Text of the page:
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The lowdown on batteries: Lead-acid batteries

Posted: 27 Jan 2014 ?? ?Print Version ?Bookmark and Share

Keywords:lead-acid? battery? run time? absorbed glass mat? charging?

As you may recall, this series of articles tackles the various battery technologies available to us. In addition to the nitty-gritty technology details, I'm including tips and tricks for selecting the most appropriate battery technology for your application (the first two tips appeared in the previous article), along with tidbits of trivia and nuggets of knowledge. In this article we consider lead-acid batteries.

Tip No. 3: Estimate your energy requirements.
After eliminating the technology types that don't fit your usage/storage environment (as discussed in Tip No. 1), I decide on primary or secondary types and then calculate the energy my load will need over the desired run time. A rough estimate is the average load voltage multiplied by the average load current multiplied by the required number of run time hours. Keep in mind that loads may be constant power, constant current, constant resistance, or a mix (including pulses). Next, we normalise the calculation to one hour to give Watt-hours at the load. Next time, I will show how to estimate all the losses and temperature derating to arrive at the minimum Watt-hours rating of the battery.

For the science nerd
An interesting team to watch over the coming years is to be found at the Battery Innovation Center.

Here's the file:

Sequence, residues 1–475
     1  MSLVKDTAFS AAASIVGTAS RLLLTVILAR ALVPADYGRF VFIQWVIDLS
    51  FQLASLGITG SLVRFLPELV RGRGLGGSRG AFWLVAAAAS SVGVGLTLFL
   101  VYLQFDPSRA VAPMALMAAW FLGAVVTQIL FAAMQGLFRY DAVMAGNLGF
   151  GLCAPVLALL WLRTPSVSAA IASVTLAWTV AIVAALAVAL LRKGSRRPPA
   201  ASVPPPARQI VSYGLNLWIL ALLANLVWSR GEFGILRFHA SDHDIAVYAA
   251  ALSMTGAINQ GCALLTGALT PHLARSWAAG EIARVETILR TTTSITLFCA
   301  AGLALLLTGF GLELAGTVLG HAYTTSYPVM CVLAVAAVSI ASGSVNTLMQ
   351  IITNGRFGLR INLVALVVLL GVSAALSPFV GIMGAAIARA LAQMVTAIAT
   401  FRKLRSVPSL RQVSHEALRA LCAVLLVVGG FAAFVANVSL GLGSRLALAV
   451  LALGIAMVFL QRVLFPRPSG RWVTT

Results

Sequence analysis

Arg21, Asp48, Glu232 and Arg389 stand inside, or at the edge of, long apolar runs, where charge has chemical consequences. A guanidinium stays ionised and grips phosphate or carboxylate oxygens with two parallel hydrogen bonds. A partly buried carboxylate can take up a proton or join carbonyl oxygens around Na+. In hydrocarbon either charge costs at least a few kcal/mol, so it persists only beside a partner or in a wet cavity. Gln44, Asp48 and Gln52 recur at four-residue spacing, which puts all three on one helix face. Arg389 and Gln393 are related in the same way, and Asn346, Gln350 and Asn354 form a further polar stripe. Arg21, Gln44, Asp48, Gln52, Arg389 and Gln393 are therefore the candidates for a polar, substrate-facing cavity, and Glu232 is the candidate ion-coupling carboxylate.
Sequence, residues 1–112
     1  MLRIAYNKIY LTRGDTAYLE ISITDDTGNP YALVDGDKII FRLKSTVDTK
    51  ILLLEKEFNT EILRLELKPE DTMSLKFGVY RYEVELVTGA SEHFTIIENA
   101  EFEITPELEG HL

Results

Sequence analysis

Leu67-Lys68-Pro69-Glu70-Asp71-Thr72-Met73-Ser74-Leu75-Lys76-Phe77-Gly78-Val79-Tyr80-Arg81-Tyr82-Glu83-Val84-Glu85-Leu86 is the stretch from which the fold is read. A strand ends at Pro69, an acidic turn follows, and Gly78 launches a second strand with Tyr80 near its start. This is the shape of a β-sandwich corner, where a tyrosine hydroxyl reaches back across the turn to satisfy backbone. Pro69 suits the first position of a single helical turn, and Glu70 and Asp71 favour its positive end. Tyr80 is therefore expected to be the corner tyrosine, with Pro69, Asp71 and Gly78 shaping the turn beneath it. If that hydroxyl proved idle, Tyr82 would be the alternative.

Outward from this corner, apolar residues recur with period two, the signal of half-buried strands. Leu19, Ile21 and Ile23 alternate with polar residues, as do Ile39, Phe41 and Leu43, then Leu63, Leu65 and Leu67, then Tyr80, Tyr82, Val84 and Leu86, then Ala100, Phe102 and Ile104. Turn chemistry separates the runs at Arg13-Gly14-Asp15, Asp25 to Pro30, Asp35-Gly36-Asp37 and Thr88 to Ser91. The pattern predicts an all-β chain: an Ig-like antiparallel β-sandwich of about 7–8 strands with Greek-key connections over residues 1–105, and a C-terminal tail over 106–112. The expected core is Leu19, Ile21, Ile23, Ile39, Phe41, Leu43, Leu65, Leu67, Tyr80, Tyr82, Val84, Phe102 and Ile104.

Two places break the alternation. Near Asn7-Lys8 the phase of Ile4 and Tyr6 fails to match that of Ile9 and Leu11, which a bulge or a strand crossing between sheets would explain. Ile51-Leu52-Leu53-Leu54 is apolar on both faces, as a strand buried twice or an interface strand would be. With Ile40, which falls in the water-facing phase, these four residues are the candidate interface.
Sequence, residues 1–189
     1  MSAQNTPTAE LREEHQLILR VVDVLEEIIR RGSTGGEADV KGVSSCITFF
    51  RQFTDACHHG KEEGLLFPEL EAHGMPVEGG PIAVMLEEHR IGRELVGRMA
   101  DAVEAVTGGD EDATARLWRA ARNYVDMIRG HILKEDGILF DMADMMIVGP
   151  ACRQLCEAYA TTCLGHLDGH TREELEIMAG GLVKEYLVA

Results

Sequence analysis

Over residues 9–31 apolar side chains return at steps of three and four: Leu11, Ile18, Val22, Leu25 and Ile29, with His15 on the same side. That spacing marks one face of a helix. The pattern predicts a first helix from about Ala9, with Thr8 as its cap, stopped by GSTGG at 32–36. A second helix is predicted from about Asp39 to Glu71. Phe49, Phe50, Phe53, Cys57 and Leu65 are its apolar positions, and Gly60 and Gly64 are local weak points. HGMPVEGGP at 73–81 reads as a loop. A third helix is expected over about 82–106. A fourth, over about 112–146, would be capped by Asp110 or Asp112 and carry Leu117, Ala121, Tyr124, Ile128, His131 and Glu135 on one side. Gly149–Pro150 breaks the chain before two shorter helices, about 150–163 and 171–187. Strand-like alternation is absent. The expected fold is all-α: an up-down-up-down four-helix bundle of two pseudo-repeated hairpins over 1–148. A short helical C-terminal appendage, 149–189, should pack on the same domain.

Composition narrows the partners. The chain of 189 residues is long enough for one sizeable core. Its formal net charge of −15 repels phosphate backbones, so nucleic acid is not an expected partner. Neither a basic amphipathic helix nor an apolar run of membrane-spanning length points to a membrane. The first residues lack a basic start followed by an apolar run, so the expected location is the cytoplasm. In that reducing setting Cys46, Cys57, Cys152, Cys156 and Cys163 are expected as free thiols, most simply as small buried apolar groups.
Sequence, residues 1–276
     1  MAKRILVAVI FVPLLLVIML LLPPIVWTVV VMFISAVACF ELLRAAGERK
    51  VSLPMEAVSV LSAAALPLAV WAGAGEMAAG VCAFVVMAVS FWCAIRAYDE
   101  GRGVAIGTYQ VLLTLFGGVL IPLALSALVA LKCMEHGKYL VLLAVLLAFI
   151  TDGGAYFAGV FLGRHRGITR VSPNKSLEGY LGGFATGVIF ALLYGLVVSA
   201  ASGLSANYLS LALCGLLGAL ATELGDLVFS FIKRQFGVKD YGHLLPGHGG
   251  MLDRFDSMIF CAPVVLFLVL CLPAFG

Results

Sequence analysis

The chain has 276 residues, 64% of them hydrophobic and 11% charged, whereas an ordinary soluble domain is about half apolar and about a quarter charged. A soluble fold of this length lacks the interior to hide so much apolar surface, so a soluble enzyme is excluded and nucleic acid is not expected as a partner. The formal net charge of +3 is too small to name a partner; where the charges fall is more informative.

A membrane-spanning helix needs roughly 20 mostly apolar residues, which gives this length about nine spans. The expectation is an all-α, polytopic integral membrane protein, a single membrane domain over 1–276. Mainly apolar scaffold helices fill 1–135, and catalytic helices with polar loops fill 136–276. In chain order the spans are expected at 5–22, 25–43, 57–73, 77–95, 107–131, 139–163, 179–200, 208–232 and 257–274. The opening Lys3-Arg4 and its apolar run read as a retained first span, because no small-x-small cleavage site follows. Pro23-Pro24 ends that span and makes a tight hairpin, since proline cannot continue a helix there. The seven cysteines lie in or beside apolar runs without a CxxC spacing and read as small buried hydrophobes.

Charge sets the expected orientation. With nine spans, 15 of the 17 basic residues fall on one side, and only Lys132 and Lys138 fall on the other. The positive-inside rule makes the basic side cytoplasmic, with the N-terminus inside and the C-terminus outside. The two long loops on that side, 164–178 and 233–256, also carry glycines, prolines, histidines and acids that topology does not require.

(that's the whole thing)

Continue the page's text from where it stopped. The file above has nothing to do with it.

Car help
Where can you find a place to charge your car, and how does it all work? Answers to these questions can be found at the website of the Car Charging Group, the largest electric-vehicle charging service provider.

The lead-acid battery
The lead-acid battery was invented in 1859 by the French physicist Gaston Plant. This is a secondary battery that provides a very low energy-to-weight ratio and a low energy-to-volume ratio, but it compensates for this by supplying high surge currents at low cost. Four main application categories have driven the development of this battery type: small consumer, starting/vehicle, deep cycle, and industrial.

Two reduced-maintenance varieties are known as gel cells and absorbed glass mat (AGM). These are collectively known as valve-regulated lead-acid (VRLA) or sealed lead-acid batteries. Some specific details:
???Specific energy: 30-40 Wh/kg
???Energy density: 60-75 Wh/L
???Specific power: 180 W/kg
???Charge/discharge efficiency: 50-92%
???Energy/consumer price: 7-to-18 Wh/$
???Self-discharge rate: 3-20%/month
???Cycle durability: up to 800 cycles (500 typical)
???Nominal cell voltage: 2.1V
???Float-charge voltage per cell: 2.23 (gel), 2.32 (flooded), 2.25(AGM).
???Cut-Off voltage: 1.75V per cell (loaded)
???Charging temperature: -40C (min) to +49C (max); see specific manufacturer for more details

Discharge, negative plate reaction:
Pb(s) + HSO4-(aq) PbSO4(s) + H+(aq) + 2e-

Discharge, positive plate reaction:
PbO2(s) + HSO4-(aq) + 3H+(aq) + 2e- PbSO4(s) + 2H2O(l)

Discharge, the whole reaction:
Pb(s) + PbO2(s) + 2H2SO4(aq) 2PbSO4(s) + 2H2O(l)

Charge: negative plate reaction:
PbSO4(s) + H+(aq) + 2e- Pb(s) + HSO4-(aq)

Charge: positive plate reaction:
PbSO4(s) + 2H2O(l) PbO2(s) + HSO4-(aq) + 3H+(aq) + 2e-

Except for vehicle batteries, the charge time of a sealed lead-acid battery is 12-16 hours, or up to 36-48 hours for large, stationary batteries. With higher charge currents and multi-stage charge methods, the charge time can be reduced to 10 hours or less. However, the topping charge may not be complete. Sealed lead-acid technology is sluggish and cannot be charged as quickly as other battery systems.

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